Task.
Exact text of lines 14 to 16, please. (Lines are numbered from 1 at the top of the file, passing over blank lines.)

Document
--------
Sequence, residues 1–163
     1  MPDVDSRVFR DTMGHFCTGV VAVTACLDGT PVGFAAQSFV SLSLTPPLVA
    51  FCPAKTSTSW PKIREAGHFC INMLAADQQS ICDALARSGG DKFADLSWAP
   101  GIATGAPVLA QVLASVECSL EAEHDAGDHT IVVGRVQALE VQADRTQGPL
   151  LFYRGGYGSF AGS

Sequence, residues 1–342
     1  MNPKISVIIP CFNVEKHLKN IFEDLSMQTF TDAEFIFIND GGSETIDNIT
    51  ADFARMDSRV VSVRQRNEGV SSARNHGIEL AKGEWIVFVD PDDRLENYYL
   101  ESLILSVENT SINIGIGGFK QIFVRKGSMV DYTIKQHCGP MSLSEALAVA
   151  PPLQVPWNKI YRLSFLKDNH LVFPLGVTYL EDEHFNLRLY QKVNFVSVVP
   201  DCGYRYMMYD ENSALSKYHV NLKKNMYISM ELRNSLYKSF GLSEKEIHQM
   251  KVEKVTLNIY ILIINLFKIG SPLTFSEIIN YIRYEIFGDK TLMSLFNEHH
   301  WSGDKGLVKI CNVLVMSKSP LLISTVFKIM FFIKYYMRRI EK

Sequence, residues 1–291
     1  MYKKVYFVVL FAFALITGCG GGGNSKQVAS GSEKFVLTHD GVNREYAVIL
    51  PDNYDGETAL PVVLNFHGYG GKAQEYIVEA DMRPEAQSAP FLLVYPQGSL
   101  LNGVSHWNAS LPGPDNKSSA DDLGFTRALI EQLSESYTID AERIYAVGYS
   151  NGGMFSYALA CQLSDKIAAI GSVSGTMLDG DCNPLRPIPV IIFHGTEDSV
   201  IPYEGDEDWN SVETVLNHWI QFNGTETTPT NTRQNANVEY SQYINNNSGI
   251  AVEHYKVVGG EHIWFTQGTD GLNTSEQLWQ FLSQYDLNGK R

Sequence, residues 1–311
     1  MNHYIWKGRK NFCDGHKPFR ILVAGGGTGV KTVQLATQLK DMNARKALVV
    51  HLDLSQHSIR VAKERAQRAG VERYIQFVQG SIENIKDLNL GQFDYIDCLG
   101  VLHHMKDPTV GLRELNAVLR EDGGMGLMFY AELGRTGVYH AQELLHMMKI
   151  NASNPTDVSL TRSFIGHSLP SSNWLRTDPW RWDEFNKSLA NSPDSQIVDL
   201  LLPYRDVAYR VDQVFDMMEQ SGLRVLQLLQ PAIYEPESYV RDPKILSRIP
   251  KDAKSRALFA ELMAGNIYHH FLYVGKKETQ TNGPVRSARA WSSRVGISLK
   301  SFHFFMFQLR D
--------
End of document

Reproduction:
Sequence, residues 1–291
     1  MYKKVYFVVL FAFALITGCG GGGNSKQVAS GSEKFVLTHD GVNREYAVIL
    51  PDNYDGETAL PVVLNFHGYG GKAQEYIVEA DMRPEAQSAP FLLVYPQGSL